CFD (Computational Fluids Dynamics) simulations of HRSGs (Heat Recovery Steam Generators) can improve and optimize the performance of combined cycle power plants. For example CFD results can help to analyze the effect that different working conditions such as changes in power or fuel quality can have on the uniformity of the flow. A uniform flow is important because the tubes inside the HRSG are more susceptible to corrosion and rupture when the flow distribution is strongly nonuniform. An accurate modeling of the flow and heat transfer characteristics is paramount in order to obtain a realistic representation of the process. However, a big problem in CFD modeling of HRSGs, or any equipment with tube-and-shell heat exchangers, is the different length scales of the equipment, which vary from a few centimeters for the tubes diameter to tens of meters for the HRSG vertical height. The problem is that these different length scales would require a very large computational mesh and consequently a very expensive simulation. To overcome this problem, a common approach in CFD simulations of HRSG has been to model the tube banks following a porous media approach, where the tubes are represented by a volume with a porosity factor which gives the volume fraction of fluid within the porous region. Using this model a pressure drop and the total heat absorbed due to the presence of the solid tubes is calculated. However, due to the recent advances and relatively lower prices of computer equipment it is now possible in a relatively economical way to explicitly include the tube banks in the CFD models of HRSGs. In this study a CFD model of a HRSG is presented where the tube banks are included in the geometric model. Results using this model show the fluid flow and heat transfer between the numerous tubes. A further advantage, in contrast to the porous media model, is that the flow inside the tubes is also modeled which gives a more realistic representation of the phenomena inside the tubes.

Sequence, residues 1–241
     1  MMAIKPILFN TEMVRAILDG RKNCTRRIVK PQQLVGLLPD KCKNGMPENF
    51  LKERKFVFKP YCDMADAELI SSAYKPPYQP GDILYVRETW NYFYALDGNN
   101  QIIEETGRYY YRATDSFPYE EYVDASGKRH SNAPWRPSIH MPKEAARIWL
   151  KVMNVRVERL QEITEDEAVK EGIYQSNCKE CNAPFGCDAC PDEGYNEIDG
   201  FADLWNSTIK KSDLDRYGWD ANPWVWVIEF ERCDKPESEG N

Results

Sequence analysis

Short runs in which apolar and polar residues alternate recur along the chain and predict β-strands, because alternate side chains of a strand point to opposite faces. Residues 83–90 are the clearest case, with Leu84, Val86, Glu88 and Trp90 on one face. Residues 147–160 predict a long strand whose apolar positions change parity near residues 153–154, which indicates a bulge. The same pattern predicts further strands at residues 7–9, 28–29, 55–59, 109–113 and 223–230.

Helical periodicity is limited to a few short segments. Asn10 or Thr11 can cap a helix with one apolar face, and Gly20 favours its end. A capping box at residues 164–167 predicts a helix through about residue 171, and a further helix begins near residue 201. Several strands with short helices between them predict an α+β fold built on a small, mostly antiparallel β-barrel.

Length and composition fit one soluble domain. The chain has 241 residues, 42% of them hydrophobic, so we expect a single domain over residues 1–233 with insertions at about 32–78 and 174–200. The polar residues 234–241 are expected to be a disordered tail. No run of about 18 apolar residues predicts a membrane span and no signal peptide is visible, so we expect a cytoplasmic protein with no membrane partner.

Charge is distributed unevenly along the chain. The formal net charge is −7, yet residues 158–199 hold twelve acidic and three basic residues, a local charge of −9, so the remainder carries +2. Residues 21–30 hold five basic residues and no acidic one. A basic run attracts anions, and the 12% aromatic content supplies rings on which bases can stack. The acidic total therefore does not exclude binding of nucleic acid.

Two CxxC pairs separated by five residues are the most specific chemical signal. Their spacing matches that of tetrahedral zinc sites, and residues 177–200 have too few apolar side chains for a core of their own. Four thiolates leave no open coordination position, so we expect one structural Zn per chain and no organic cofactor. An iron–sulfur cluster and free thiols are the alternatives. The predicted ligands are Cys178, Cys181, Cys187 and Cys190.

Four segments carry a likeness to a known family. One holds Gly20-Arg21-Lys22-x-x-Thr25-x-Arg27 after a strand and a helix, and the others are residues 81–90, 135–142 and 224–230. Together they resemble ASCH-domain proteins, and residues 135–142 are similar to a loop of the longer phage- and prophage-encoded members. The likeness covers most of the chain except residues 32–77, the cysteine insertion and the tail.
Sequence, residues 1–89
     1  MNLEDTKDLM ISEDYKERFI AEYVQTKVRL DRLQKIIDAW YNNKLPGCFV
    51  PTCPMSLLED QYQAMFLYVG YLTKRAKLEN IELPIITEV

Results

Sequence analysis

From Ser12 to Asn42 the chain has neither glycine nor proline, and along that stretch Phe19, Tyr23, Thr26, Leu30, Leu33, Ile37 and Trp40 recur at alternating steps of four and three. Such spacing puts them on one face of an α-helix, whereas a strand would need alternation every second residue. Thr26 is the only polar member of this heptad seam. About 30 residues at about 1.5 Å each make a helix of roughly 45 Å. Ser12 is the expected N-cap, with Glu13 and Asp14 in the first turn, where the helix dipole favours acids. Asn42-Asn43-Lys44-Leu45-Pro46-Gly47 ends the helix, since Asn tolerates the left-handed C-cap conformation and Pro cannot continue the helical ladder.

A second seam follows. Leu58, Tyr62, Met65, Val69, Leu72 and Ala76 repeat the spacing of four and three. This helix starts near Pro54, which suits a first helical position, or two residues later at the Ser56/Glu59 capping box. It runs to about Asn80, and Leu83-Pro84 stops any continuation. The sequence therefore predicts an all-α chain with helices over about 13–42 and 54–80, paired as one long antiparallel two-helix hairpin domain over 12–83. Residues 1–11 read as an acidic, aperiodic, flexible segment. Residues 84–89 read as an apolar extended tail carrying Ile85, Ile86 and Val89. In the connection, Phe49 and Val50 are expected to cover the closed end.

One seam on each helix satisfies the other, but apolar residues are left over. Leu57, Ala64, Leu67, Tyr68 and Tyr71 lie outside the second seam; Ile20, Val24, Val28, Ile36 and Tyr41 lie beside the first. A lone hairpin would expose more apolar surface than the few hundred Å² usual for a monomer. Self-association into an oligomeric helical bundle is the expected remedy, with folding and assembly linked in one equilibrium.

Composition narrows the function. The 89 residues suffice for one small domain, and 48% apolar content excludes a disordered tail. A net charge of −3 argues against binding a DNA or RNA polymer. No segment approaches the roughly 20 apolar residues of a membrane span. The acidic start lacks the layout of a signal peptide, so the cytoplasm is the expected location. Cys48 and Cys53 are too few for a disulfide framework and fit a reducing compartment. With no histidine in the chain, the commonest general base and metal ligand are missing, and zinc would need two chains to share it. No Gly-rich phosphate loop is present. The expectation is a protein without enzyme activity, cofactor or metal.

This content is only available via PDF.
You do not currently have access to this content.